People with chronic respiratory diseases such as Asthma and more severe lung disease such as Chronic Obstructive Pulmonary Disease (COPD), the umbrella term for emphysema, chronic bronchitis and chronic asthma, are often less active and have a poorer quality of life.
Symptoms such as breathlessness can create several challenges towards physical activity and everyday activities which is where supervised prescribed exercise can assist.
Reduced level of physical activity leads to a combination of reduced capacity for activity and a decrease in confidence, which results in a cycle of inactivity as individuals become even more de-conditioned. The lack of conditioning makes everyday movement less efficient, hence requiring more energy and effort to perform normal activity for daily living.
There is lots of evidence to support the importance and health benefits of aerobic exercise (walking and cycling) for people with respiratory conditions, which:
Decreases shortness of breath and creates clearer air passages (due to reduction of dynamic hyperinflation of the lungs)
Improves exercise tolerance due to improved fitness and better lung function
Enhances quality of life
Decreases disease-exacerbated sick days
Resistance strength training has also been shown to be extremely important to increase muscle mass and strength, enhancing individuals’ ability to perform daily tasks and improve health related quality of life.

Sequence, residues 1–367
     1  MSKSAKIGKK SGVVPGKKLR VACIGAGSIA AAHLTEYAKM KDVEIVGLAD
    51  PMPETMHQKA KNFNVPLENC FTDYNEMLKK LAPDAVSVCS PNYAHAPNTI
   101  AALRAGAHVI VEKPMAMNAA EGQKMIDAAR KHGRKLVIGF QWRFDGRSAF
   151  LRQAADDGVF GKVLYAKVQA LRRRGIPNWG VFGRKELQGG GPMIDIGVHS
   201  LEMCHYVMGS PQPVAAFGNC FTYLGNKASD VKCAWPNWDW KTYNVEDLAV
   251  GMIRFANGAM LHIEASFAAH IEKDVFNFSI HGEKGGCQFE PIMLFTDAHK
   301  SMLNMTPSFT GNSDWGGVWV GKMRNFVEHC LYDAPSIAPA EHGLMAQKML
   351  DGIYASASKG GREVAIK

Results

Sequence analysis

Before undertaking any formal exercise program, it is important to speak with your doctor or your respiratory health specialist to ensure you are medically clear to exercise. Health professionals such as a Physiotherapist and/or Accredited Exercise Physiologist can begin by:
Assessing you current level of respiratory fitness with the appropriate testing method, which can be as simple as the 6 minute walk test (for more severe lung disease) or more sophisticated such as the specific bike-based YMCA protocol testing for sub-maximal aerobic capacity (less severe lung disease).
Retraining correct breathing techniques, including education on coordinating breathing effectively with movement.
Gradually progressing strengthening exercises to improve capacity to perform general everyday activities as well as carefully progressing aerobic exercise as lung function improves and the individual is able to tolerate more exercise.
For people with moderate to severe COPD, a weekly exercise maintenance regime (minimum of 2 days per week) under supervision of a health practitioner, combined with a home-exercise program, is an effective approach for maintaining improvements in lung function in the long term.
Written by Andrea Matias, MD Health Exercise Physiologist
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